Our New Car: The Kangoo (DIESEL)

I have definitely slowed the pace of my blogging. It is not that I don’t have anything new to write about. Quite the contrary, our travels continue to be quite rich in new experiences and adventures. Now, in fact, many things that I can write about have piled up. So I will start with our experience with leasing a new car in France.

Renault and Peugot have long term buy/lease programs where you pay upfront and get a brand new car, full insurance, and roadside assistance for up to 6 months.  This was the cheapest option for us and turns out to cost about $20 a day 

all inclusive.  That is so much cheaper than what you could rent a car for here in Europe and includes the insurance, etc.  We went with Renault because their website was the easiest to use and their service was fantastic.  It usually takes 30+ days to get the paperwork and order completed, but, we did it in 10 days and they had the car ready on time at the delivery site just outside of Paris.  The car is called a Kangoo (Can go) although, that is probably debatable.

When I told my Swedish friend Per on Skype that we have a Renault Kangoo, he made a comment that he hoped we got the diesel version because a Kangoo gas engine would barely make it over a hill. Well, the diesel Kangoo is still quite a weak engine, but it can make the 130 Km speed limit on the toll freeways, and well, not driving fast allows us to take in the sights better. We really got this car for its relatively large luggage space in the back, which we fill up with our bags and supplies when moving bases. The boys are bummed that there are no back seat windows. Both back seat doors are sliding doors, like on minivans. This is kind of strange for such a small car. I would never buy one of these cars, but it is new, the cabin is spacious and comfortable, and gas mileage is excellent. It will do us fine for the next few months.

What happens when you put gasoline in a diesel engine?: So, we pick up the car without hassle and start out for Normandy. A few kilometers from the gas station, the engine stops working. I can write about this now. 60 kilometers outside of Paris, only one hour or so of driving the brand new car we leased, I pull into a gas station at a highway rest stop. I am realizing that really I don’t remember my ‘gas station french’, although I may never have actually learned the vocabulary. Mauritania, where I learned my French, pretty much does not have gas stations.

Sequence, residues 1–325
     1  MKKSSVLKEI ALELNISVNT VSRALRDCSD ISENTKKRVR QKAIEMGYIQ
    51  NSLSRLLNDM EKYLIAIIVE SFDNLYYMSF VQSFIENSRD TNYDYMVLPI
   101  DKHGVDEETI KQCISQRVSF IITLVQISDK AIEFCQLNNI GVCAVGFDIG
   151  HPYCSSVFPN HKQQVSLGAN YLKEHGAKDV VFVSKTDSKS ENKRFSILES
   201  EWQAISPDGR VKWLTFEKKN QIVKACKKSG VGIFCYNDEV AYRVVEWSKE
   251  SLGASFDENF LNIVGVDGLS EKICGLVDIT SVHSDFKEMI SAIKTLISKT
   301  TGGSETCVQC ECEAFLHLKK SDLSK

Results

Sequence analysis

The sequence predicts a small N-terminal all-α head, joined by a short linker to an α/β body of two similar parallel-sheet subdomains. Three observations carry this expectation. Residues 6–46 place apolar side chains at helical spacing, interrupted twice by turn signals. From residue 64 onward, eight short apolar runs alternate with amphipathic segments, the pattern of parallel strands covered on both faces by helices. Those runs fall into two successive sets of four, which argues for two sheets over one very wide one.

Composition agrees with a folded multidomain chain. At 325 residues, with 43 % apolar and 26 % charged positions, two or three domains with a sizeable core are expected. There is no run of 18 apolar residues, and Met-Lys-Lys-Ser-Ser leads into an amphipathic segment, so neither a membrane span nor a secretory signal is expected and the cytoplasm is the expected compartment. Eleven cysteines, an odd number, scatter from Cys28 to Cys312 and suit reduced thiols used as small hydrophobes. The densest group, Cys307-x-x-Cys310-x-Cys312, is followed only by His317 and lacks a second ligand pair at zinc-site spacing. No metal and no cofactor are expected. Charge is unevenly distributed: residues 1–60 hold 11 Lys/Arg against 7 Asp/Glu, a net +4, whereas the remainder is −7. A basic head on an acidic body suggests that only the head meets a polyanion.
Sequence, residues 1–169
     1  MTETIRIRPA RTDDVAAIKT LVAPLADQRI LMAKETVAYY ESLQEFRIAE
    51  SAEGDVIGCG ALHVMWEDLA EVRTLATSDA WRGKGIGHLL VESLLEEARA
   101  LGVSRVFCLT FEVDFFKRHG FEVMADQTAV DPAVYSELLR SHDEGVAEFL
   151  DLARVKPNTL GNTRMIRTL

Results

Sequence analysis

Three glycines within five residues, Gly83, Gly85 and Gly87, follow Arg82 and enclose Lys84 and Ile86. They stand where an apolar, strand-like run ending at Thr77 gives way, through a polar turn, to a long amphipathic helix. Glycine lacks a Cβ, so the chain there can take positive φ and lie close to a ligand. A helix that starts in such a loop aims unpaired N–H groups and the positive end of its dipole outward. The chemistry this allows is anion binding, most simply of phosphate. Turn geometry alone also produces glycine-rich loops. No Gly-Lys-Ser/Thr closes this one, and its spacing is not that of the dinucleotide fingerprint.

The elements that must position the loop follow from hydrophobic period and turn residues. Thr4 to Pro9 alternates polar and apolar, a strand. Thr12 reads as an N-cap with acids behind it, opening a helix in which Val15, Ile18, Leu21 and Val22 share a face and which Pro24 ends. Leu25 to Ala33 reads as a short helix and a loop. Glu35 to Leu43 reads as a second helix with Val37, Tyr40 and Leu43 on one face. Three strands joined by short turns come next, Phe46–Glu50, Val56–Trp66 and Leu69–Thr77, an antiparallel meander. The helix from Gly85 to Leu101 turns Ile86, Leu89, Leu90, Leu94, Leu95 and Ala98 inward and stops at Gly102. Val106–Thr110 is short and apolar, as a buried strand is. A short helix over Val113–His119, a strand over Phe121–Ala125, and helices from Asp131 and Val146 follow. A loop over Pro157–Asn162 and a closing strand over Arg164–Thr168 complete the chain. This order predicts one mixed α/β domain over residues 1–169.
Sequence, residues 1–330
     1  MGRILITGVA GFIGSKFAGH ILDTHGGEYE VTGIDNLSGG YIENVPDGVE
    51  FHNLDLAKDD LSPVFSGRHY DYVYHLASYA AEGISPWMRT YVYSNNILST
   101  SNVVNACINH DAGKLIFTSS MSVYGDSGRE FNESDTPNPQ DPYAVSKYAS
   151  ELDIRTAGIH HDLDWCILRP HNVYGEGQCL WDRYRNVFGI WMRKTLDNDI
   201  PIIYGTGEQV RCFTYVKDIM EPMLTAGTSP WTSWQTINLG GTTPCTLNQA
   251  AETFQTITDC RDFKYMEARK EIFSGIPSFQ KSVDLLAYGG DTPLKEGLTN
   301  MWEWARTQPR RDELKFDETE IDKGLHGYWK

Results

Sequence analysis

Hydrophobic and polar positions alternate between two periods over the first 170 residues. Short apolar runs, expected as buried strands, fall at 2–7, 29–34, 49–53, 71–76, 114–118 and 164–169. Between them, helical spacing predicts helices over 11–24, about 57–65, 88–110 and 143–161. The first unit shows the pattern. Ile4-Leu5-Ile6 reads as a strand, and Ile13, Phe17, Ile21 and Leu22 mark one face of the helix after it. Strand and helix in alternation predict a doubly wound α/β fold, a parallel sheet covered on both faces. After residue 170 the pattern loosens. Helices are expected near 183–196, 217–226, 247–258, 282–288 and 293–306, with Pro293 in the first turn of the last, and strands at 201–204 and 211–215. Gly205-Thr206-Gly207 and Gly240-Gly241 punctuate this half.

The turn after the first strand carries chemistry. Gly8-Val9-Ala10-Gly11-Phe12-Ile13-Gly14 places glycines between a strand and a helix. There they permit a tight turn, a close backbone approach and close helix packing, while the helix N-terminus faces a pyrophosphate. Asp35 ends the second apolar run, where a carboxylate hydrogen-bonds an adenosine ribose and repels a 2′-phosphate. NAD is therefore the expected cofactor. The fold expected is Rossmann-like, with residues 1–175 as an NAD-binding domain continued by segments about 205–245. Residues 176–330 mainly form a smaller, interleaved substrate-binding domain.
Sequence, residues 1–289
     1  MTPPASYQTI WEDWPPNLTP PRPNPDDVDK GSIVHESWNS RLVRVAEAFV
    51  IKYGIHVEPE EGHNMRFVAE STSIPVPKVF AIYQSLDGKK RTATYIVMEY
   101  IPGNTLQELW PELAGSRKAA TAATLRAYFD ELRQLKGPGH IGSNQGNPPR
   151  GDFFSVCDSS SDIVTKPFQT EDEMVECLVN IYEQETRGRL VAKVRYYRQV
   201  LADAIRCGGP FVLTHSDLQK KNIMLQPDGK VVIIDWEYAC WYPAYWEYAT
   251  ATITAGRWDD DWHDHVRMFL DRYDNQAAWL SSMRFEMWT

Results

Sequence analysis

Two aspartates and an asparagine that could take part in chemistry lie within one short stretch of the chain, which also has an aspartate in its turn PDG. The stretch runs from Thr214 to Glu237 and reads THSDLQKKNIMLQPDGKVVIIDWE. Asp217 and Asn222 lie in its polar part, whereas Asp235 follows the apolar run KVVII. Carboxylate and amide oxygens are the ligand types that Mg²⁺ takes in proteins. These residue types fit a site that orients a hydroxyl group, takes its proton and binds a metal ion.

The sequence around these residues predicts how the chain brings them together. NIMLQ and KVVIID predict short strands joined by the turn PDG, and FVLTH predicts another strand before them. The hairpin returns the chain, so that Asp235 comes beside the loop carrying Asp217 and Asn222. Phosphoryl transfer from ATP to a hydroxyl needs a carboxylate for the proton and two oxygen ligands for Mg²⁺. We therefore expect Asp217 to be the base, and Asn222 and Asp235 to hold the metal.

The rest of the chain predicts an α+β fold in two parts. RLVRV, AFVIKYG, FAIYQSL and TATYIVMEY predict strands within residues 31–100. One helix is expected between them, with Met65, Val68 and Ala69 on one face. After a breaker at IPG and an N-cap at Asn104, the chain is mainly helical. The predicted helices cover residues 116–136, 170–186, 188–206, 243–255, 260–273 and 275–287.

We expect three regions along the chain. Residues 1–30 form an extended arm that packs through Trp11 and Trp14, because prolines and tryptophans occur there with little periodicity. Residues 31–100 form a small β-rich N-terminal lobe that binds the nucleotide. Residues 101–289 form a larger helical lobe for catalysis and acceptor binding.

I was already flustered because my American credit cards was not working in the machine and I had to go talk with the attendant, which again had me flustered because this was day 3 in France and I was realizing that my French is pretty poor. So I put gasoline in my diesel engine. Car dies on a busy highway. I had a pretty good

meltdown because I knew what a colossally stupid thing I had done and I didn’t know how easy/hard it would be to fix this. We were in a dead car on a busy highway at 3 in the afternoon. To compound matters, we had not yet bought a French cellphone simm card. Our UK simm card had like a dollar-fifty left on it. Not much when you are calling for service assistance and they ask you to hold as you wait for the English speaking person to get on the line. Another American credit card problem – we could not use our credit card to top up the simm card by phone, we could only do this at a store. Gigi had to plead with the Orange service person to give us ‘emergency credit’ of 3 dollars…twice. This finally allowed us to complete our communications with the assistance service. One great thing about the Renault lease program is EVERYTHING is insured. They even have printed on the instructions ‘when wrong gas put in the car.’ The guy on the phone even acknowledged that this was a common reason for breakdown. The boys just played on their iPads in the back seat. Gigi was frazzled. I was fried. One hour wait, 45 min tow ride with little talking, an hour at the service station draining the gas from the engine…and voila! We were back on the road again. Both Gigi and I feared that we were going to be stuck the night in whatever minor village the service station was located in. We couldn’t communicate, we just were just groping our way along. In the end, the roadside assistance was very good, and the service station people very nice. And the solution to the problem was not nearly as bad as I had feared. We made it to our Normandy beach hotel about 4 hours behind schedule, and we collapsed into the beds upon arrival.

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About Gigi

I guess I am the dreamer in the family and possibly the "schemer". It was kind of my idea for this big adventure but it didn't take too much persuading to get the rest of the family on board.

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